I made a promise a long time ago that I would never let myself return to the Dance Cave again. With a reputation for being a little trashy, this small club on the floor above Lee’s Palace has never been high on my list of places to go, but hey, exceptions must be made sometimes and in this circumstance, it might have been the most appropriate place possible for the concert I saw on Wednesday.
Walking in the door, the feel was more club night than concert — the DJ playing from a rig set up at the center/back of the stage to small groups of people dressed to go out dancing waiting for the show to start. About 45 minutes after the doors opened we were treated to a hip hop showcase. Three different rappers played short sets and while the first two up, Duch Dillinger and Rezzi, were definitely talented, with good production that got the people front, center and moving. It was the 3rd act, Godz, who I thought really stood out, with his arm in a cast, 90s throwback beats, and blurringly fast lyrics, he even presented a political message to the crowd, mentioning the tense climate in the U.S. before relinquishing the microphone.
As we all waited for the headliner to take the stage, plumes of sweet smelling smoke began to rise out of the crowd as chants of “Debbie! Debbie!” got louder and louder. Then, right at the moment when I started to wonder if she was going to show up, Lil Debbie sauntered onto the stage followed by an entourage – her DJ, a dancer, and three guys who stood at the back of the stage and watched. The set itself was ridiculous. Lil Debbie has a reputation for speaking her mind and this was no exception, throwing in stories editorials and facts of life in between songs. She even dedicating her single Slot Machine to her deceased dog Oliver. The scene seemed almost surreal at times, like I had passed through the looking glass. As her dancer twerked her way around the stage, the entourage watched on awkwardly, standing towards the back, not quite sure what to do with themselves. This seemed to affect the audience too, under the yellow and red lights fights broke out and pouty-faced girls danced in groups like would in a nightclub. Ruling over this tea party was the mad hatter herself.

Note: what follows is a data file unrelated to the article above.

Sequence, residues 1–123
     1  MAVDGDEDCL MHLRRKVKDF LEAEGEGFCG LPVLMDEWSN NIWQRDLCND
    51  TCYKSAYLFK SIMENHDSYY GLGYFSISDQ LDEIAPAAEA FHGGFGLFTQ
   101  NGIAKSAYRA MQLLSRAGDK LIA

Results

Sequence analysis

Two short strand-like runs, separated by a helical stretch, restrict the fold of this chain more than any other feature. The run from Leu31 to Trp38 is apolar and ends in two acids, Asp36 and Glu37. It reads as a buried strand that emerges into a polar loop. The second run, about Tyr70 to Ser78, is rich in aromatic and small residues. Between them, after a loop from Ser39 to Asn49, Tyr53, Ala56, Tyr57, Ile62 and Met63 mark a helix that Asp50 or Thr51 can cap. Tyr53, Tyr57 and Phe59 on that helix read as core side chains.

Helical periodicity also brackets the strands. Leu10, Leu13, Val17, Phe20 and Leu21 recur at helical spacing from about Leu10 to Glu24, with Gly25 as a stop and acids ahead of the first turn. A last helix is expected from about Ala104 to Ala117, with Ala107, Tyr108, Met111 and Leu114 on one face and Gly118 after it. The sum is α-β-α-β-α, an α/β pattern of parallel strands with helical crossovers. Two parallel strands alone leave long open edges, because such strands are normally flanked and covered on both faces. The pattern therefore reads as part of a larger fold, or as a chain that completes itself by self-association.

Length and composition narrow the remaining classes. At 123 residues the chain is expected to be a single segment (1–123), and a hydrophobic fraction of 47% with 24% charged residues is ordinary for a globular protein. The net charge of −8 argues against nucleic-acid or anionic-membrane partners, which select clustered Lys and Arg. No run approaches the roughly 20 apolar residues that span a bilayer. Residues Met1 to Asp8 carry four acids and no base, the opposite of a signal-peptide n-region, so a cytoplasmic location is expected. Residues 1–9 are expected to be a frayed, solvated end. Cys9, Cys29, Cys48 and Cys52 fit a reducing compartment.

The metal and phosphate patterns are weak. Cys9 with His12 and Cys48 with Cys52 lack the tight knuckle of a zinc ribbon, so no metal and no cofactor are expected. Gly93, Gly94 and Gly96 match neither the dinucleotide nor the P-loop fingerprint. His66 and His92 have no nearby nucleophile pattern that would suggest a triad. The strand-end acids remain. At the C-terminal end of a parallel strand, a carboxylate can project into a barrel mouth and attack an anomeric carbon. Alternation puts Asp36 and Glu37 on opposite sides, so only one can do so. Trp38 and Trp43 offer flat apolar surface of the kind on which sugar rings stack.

While I find I can’t really argue with Lil Debbie’s critics who say she’s trashy and there were some definite issues (like an echo on the mic throughout the show that I found really distracting, among other things) I think her over the top nature and “I don’t give a fuck” attitude made the live show a ton of fun to watch. Everyone needs a bit of trash in their lives.
Follow updates from Lil Debbie here.
Photos by Benjamin Telford (bentelfordphoto) | Review by Tristan Johnston